FILE PHOTO: Aleksandar Vucic the presidential candidate of the ruling SNS party (Serbian Progressive Party) waves to his supporters during a rally in Subotica, Serbia, March 29, 2022. REUTERS/Zorana Jevtic/File Photo
March 31, 2022
By Ivana Sekularac
BELGRADE (Reuters) – Serbian President Aleksandar Vucic is running for re-election on Sunday on a promise of peace and stability as the country comes under pressure from the West to choose between traditional ties with Russia and its aspiration to join the European Union.
The election is for both president and parliament and opinion polls show that Vucic is likely to win another five-year term while his Serbian Progressive Party (SNS) is also set to win a majority, although it is likely to fall short of its current 188 seats in the 250-seat parliament.
Russia’s Feb. 24 invasion of Ukraine, which began days after Serbia’s election date was set, had a deep impact on the campaigning in Serbia, which was scarred by the Balkan wars two decades ago and where a majority of people support military neutrality.
Bojan Klacar, head of the CeSID pollster, said the war in Ukraine had forced a change away from what had been the main themes of the campaign, such as corruption, the environment and the rule of law among other things.
“The electorate is now seeking answers to their concerns regarding economic stability, living standards and political stability,” he said.
“It seems that the ruling party was more skilful in adjusting its campaign to people’s concerns.”
A poll by Faktor Plus pollster published in the Blic daily on Wednesday saw the ruling SNS winning 53.6% of the vote. It put a grouping of several opposition parties called Alliance for Victory second with 13.7 % of the vote and Vucic’s coalition partner, the Socialists, third with 10.2%.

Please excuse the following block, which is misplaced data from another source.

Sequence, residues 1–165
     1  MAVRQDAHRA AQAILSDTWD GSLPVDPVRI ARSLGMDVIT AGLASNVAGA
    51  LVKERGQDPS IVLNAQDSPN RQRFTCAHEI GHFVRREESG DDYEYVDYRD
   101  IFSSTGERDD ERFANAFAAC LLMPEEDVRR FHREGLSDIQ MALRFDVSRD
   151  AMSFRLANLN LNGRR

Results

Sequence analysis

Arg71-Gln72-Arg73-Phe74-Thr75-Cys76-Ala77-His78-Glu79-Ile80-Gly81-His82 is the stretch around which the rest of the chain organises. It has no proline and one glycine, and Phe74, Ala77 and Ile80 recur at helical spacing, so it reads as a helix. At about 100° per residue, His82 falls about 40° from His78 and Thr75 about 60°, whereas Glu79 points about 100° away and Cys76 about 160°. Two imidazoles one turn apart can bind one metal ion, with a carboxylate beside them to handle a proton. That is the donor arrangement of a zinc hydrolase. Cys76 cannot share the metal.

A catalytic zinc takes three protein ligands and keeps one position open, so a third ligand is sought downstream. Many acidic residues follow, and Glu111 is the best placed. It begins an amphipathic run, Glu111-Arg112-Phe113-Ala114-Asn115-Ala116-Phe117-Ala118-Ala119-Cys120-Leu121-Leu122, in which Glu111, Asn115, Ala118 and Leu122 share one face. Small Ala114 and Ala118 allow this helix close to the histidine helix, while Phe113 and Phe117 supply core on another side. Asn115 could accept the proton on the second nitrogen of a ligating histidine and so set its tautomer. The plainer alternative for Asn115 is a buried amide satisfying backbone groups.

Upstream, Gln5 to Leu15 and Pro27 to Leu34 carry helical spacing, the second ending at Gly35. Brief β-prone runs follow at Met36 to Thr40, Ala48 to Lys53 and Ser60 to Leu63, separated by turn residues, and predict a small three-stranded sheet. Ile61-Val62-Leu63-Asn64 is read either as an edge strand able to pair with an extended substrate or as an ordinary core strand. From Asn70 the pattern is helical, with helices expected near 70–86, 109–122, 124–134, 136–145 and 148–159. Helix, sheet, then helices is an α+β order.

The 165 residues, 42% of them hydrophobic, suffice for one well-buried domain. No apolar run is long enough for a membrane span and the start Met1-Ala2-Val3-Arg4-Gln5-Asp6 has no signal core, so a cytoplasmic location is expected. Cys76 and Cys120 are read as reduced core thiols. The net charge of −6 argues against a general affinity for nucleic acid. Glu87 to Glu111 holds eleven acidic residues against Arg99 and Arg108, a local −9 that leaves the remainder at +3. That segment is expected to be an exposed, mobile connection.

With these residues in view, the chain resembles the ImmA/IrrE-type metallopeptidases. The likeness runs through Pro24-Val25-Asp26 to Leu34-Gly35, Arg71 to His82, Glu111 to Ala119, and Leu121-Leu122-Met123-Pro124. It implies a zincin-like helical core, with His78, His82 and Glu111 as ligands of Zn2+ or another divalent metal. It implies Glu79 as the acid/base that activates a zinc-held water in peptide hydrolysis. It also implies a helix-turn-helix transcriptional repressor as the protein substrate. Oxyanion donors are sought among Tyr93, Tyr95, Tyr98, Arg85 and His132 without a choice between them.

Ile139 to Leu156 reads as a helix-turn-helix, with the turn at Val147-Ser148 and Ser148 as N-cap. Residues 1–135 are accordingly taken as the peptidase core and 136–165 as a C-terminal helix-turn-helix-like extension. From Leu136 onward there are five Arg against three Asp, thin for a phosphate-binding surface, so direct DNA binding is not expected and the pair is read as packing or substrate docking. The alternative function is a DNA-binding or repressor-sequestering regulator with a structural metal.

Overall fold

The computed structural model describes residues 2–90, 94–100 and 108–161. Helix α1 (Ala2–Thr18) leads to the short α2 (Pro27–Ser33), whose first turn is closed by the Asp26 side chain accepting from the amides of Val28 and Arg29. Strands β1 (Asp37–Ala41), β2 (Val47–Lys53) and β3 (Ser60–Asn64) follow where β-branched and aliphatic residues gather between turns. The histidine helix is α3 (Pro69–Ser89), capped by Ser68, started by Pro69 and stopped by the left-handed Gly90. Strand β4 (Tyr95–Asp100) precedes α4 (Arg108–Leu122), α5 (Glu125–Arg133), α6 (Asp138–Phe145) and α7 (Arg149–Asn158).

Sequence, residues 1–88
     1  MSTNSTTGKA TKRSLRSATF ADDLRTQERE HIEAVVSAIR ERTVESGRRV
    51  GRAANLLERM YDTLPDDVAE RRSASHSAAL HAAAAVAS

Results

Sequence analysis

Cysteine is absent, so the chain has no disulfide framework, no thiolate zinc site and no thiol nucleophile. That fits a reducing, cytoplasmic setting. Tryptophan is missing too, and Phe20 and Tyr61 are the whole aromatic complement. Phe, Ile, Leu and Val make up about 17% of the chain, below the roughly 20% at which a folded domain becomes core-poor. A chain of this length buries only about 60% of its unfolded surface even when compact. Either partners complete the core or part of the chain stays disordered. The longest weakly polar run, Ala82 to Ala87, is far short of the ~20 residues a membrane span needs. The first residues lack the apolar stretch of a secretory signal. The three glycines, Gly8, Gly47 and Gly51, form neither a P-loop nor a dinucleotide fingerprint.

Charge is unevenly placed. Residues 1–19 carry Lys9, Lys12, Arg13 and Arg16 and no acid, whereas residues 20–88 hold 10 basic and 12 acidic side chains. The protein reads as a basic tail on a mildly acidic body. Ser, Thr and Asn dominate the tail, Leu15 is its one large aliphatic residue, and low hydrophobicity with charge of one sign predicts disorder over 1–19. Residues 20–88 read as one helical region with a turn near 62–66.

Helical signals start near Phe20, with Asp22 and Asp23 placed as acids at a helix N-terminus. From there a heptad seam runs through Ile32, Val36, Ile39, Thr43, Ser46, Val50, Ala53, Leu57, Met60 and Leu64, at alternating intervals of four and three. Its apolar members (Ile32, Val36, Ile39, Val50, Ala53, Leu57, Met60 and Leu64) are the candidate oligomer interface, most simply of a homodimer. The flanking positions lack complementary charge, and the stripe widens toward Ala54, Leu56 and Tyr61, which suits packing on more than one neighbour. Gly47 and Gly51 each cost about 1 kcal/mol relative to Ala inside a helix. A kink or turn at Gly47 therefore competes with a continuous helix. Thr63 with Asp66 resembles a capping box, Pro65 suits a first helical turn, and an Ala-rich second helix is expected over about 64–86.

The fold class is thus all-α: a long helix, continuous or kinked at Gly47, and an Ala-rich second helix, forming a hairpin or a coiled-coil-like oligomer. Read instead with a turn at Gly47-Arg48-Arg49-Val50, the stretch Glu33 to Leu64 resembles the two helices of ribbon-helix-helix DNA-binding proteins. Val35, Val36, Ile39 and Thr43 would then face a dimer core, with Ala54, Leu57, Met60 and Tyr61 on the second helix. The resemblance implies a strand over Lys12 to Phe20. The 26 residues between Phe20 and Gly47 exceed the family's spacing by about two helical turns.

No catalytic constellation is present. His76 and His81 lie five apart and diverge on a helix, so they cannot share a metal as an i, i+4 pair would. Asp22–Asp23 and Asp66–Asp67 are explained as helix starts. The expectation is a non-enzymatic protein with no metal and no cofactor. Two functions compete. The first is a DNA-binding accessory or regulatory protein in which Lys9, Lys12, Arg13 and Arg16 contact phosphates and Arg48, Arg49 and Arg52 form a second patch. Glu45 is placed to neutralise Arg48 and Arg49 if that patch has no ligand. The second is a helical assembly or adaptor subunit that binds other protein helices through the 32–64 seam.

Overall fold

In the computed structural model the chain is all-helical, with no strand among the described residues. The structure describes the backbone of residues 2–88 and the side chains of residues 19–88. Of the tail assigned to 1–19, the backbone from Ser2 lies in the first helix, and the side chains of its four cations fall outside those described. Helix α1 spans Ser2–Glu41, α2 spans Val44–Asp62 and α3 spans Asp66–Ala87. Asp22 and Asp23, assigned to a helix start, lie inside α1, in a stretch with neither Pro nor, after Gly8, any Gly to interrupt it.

A group of ecological movements which was formed less than a year ago would get 4.7% of the vote, the poll showed.
Vucic himself is set to win re-election in the first round on Sunday, polls show. Zdravko Ponos, general and former army chief of staff, is seen as coming second.
A longtime politician who was information minister in 1998 under former strongman Slobodan Milosevic, until 2008 Vucic had been a virulent anti-Western disciple of the Greater Serbia ideology that fuelled the 1990s wars following the breakup of Yugoslavia.
He converted to the cause of seeking EU membership when his SNS split from the Serbian Radical Party and now advocates military neutrality and ties with both Western countries and Russia and China.
Since 2012 when his party came to power Vucic has held several positions: defence minister, prime minister and – since 2017 – president.
Ponos has accused Vucic of using the war in Ukraine in his campaign to try to build national unity based on “people’s fear from the war in Ukraine”.
“I would never allow the war in Ukraine to be misused, if I were the president,” Ponos told N1 TV.
Vucic’s critics say his popularity is due to his autocratic style of rule which includes firm control of media and benefits such as employment in state-run firms that they say are reserved for his supporters.
Vucic has denied those accusations and say opposition leaders control two privately run TV stations, an allegation they deny.
“We have lived through many wars, and with him (Aleksandar Vucic) at least we have peace and stability,” Radmila, a 52-year-old housewife from Subotica, told Reuters.
Opposition parties say the election will be rigged and accuse the ruling party of falsifying voters’ lists. The ruling party denies this and has accused the opposition of the same thing.
“Voter mobilization will be crucial for the performance of opposition parties, but the poor weather forecast for the election day could dampen turnout,” Teneo consultancy said in its report.
(Reporting by Ivana Sekularac; Editing by Frances Kerry)